Monitoring of residuals is of key importance in the control of process related impurities and is a requirement of the ICH Q6B guidelines, a document adopted by regulatory agencies. If product quality is to be assured, it must be demonstrated that residuals are within agreed and well-defined limits. Furthermore, assessment of the levels of residuals at different stages of purification is important to help define the process of product manufacture. The techniques used for monitoring of a particular component must be sufficiently specific and sensitive such that low levels of the chemical can be readily detected and changes in those levels easily observed.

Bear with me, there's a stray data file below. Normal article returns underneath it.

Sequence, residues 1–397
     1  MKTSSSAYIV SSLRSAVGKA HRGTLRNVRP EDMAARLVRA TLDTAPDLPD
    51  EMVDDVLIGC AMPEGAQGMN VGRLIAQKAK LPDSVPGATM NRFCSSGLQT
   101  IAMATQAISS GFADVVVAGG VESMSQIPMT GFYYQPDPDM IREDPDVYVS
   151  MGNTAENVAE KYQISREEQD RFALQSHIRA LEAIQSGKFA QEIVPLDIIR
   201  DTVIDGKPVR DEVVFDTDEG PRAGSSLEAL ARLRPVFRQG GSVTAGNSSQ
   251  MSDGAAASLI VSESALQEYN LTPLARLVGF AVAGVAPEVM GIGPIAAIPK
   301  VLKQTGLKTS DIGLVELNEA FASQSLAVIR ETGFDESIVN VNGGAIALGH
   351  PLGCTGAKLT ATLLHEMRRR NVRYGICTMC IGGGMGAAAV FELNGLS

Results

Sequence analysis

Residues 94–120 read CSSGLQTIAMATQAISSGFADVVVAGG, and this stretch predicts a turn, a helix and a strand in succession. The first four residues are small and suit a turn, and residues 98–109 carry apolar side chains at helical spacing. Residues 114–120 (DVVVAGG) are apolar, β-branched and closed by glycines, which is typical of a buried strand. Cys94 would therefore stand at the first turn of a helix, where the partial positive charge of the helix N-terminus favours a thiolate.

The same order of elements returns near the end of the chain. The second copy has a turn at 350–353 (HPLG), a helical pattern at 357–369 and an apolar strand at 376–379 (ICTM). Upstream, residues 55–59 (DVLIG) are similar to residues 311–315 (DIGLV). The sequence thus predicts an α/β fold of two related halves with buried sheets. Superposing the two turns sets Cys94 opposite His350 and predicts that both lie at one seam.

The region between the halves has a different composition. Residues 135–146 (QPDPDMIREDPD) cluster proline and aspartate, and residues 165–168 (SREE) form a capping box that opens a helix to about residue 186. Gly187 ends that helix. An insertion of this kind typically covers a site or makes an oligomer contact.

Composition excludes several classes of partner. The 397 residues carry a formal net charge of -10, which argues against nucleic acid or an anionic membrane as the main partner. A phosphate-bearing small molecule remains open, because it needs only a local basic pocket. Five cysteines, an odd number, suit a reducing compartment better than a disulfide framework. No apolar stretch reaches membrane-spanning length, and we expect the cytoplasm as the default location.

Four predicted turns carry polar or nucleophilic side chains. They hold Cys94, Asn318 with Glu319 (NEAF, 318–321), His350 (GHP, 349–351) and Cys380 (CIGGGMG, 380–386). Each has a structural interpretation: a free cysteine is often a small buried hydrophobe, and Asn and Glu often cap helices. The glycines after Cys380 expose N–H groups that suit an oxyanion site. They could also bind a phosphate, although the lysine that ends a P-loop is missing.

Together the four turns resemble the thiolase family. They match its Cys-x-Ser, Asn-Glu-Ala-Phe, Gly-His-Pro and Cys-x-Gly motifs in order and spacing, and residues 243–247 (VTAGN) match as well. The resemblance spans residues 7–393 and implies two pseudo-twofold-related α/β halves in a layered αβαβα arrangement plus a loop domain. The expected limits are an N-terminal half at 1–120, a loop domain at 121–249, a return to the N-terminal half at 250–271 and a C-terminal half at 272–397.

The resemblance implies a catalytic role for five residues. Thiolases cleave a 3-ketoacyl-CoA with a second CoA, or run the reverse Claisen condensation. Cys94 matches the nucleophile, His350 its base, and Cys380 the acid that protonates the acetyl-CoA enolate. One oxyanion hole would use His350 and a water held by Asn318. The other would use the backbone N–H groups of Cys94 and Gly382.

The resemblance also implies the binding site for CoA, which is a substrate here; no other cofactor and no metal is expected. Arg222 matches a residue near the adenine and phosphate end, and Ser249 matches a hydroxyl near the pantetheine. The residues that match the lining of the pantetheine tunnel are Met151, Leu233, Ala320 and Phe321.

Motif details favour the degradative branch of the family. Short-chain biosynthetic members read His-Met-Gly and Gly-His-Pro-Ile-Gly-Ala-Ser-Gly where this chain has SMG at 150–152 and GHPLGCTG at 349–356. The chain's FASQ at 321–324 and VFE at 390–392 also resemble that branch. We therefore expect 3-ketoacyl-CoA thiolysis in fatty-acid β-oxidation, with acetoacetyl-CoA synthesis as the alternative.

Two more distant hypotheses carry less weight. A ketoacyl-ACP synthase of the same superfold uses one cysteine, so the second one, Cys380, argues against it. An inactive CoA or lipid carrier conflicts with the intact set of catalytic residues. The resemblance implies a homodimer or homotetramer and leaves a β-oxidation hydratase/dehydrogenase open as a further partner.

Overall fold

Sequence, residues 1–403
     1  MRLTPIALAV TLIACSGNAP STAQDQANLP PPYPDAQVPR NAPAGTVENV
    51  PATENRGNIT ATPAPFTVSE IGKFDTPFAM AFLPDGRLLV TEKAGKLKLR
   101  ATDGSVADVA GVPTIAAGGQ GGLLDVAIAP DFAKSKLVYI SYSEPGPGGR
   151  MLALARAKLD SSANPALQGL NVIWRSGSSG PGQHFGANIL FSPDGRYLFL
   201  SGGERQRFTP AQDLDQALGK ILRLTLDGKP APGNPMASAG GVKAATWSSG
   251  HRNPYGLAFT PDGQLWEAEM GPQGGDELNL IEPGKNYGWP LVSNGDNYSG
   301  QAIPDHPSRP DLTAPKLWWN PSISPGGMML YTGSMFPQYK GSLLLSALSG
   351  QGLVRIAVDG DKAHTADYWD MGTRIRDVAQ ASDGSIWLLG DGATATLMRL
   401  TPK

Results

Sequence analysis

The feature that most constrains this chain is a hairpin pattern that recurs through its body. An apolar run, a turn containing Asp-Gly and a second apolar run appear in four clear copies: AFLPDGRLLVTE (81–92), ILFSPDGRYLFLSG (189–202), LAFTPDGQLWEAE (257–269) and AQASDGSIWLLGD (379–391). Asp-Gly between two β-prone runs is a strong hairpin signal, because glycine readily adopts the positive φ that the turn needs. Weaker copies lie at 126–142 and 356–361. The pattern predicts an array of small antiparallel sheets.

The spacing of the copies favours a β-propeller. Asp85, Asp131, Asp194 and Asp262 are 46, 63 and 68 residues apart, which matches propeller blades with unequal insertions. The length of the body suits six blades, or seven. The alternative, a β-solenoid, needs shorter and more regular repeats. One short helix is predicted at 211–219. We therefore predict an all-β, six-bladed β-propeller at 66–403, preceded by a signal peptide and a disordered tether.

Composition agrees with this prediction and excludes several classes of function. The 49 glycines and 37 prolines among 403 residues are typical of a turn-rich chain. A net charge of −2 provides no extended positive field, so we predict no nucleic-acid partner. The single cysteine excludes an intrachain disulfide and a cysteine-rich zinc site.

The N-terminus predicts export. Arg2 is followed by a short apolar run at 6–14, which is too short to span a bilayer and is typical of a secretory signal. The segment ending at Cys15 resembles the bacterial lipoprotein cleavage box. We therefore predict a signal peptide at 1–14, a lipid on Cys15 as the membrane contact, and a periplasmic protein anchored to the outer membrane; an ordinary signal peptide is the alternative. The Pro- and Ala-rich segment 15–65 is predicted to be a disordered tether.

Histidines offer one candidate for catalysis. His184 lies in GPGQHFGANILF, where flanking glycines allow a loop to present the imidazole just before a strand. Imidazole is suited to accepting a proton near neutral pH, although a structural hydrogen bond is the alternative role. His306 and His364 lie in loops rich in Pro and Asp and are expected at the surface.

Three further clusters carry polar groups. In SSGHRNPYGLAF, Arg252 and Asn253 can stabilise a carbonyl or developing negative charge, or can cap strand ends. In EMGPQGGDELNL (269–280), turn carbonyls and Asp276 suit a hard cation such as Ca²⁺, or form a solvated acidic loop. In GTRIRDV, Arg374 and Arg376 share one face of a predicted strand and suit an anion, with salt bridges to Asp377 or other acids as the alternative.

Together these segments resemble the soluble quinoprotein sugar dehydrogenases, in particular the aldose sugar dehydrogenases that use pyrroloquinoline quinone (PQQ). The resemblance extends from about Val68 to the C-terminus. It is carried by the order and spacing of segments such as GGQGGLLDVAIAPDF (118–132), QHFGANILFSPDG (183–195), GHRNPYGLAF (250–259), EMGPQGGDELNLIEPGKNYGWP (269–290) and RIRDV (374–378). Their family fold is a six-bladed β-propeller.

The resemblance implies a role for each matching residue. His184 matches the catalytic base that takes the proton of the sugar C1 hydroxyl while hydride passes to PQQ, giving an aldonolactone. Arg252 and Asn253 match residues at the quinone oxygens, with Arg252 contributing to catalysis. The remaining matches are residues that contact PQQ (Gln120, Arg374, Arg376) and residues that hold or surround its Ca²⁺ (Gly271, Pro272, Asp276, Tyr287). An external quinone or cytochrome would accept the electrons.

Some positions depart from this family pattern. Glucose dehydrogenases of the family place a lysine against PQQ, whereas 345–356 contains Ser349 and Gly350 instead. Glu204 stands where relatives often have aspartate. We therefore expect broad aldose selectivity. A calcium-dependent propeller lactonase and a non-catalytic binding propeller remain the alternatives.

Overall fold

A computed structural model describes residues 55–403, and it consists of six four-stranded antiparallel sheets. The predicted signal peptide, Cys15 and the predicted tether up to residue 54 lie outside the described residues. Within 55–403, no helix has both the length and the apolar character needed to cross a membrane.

Mass spectrometry, when combined with suitable chemical procedures and chromatographic separation, proves to be a highly sensitive and versatile tool for the detection of low levels of residuals due to its ability to separate and precisely select for masses of interest, even when handling complex mixtures.
This Article, by BioPharmaSpec Technical Director Richard Easton, further discusses this topic.